Research projects that come under the fold of the “digital humanities” can take many forms, from the digitization and cataloging of sounds, documents, and images with cultural and historical significance, to interactive, born-digital projects that explore social and cultural trends through the analysis of “big data”… and beyond. For this reason, librarians and scholars are still working towards a definition of the term that encompasses all researchers’ efforts. However, without question, faculty and librarians can be—and, in fact, are—key partners in the creation, curation, preservation, and dissemination of the research produced in this burgeoning field. We want you to be Read More…


Encouraging Students to Use Research Databases

Guest contributor: Joseph Palmisano, Senior Editor at Gale, a part of Cengage Learning. As college instructors and academic librarians, you encounter it most working days: students who use free Web resources—rather than research databases—to complete course assignments. Do you ever wonder if academic research findings support your experiences? Well, let’s find out.   Based upon our survey of academic journals and trade magazines, students often demonstrate common online research behaviors. These include:

    Relying heavily on Google, Wikipedia, and YouTube, often instead of libraries’ research databases (Anderson 2011)
    Using Wikipedia because “it meets students’ needs in terms of coverage, currency, convenience and
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Improving Collaboration Among Faculty and Librarians

Though their specific daily tasks differ, college faculty and academic librarians share the common mission of educating, engaging, and supporting students on their paths towards achievement of their academic goals. When they collaborate, their efforts can produce positive and effective results for students. But how often are faculty and academic librarians able to collaborate and interact to reach this level of maximum effectiveness? Library Journal and Gale, a global provider of library resources and part of Cengage Learning, recently conducted a survey of college faculty and academic librarians, which addressed a variety of topics related to Read More…


Bridging the Gap Between Faculty and Academic Librarians

As a college instructor, you understand how important your college’s library is to your students’ learning experience. The library’s services provide students with trustworthy sources for their research, a comfortable place to study, and numerous opportunities to learn about the proper use of information. However, you may not always know, or take advantage, of opportunities to collaborate with your college’s academic librarians to the fullest benefit of your students, your course, and your own research. Or, you may simply not have considered that the librarians could support your curricular needs. On the other hand, you may already partner with your Read More…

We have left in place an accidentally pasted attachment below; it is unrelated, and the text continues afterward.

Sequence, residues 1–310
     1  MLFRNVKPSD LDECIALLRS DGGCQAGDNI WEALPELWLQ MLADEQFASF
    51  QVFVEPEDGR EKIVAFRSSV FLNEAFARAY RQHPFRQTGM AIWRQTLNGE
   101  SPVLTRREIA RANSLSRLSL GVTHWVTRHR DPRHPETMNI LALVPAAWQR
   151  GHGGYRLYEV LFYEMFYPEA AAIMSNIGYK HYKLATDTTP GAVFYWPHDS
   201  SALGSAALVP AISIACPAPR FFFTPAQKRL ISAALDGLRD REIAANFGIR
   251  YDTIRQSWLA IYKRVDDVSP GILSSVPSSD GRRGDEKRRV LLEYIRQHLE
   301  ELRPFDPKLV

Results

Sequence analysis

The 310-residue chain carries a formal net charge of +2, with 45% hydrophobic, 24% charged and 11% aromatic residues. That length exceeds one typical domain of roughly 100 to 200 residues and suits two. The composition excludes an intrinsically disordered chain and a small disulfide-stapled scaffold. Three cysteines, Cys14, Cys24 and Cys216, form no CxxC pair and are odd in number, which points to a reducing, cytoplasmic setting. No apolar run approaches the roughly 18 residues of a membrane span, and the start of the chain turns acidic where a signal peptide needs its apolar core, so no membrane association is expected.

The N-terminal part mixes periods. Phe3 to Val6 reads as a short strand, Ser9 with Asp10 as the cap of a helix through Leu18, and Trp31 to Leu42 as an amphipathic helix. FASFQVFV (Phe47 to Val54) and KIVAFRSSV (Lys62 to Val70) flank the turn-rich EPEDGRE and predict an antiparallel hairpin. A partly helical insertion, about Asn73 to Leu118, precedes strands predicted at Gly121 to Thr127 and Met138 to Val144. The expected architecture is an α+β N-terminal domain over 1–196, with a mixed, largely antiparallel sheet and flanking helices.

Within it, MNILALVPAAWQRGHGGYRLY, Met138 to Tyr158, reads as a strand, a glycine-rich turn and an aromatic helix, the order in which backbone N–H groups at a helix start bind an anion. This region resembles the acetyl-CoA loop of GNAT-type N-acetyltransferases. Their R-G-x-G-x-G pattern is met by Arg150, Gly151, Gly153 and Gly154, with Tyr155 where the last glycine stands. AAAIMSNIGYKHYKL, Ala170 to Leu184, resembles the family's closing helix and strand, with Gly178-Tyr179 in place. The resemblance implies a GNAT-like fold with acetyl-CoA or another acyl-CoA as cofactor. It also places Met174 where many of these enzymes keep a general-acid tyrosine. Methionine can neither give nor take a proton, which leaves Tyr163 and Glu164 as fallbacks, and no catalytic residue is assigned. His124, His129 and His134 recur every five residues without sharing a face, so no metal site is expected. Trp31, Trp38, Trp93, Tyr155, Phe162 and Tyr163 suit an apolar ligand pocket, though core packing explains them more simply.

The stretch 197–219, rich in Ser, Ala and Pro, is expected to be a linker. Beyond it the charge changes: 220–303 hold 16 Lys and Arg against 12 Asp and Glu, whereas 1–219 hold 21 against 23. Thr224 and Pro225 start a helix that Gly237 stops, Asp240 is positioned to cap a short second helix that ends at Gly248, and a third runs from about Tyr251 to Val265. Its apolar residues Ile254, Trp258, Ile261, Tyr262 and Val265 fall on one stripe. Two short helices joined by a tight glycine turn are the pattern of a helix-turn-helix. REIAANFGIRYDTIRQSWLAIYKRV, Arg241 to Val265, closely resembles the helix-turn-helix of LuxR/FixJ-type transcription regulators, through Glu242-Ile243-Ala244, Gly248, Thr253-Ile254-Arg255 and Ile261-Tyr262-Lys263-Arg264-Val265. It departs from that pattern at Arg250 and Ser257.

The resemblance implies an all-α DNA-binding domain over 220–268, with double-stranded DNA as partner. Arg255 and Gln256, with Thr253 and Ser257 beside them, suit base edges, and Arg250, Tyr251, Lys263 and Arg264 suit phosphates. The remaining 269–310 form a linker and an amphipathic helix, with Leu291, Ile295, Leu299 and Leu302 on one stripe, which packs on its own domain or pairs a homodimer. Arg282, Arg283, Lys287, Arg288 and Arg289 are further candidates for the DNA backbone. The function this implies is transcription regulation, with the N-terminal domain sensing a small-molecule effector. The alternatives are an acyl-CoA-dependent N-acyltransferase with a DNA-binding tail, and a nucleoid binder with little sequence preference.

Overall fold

The Value of the College Library

We all know students must, at some point, use the college library. Some may love the experience; others may dread it. But would they say the value what it has to offer them? In our Spring 2015 Student Engagement Insights survey, we asked: “Does the library and its resources provide value to your academic and career goals?” Nearly three thousand students responded; 89% agreed that the library is, indeed, a valuable asset. Likewise, we asked instructors: “Does the library and its resources provide value to your instruction and career goals?” Of the 682 people who responded, 79% said yes. Going Read More…


Top Four Reasons Students Use Their College Library

The college library is an important hub of campus life. There, you can check out books, conduct your research, find a quiet place to study, and maybe even flip through a magazine. What’s more, today’s college libraries extend their reach out into the Internet, making many services and resources accessible right from their websites. But how are students using this great wealth of resources? To better understand college students’ study habits, we wanted to explore how, and why, they use their school’s library. So, in our Spring 2015 Student Engagement Insights survey, we asked: What do you do when you’re at your college library? Nearly 3,000 students Read More…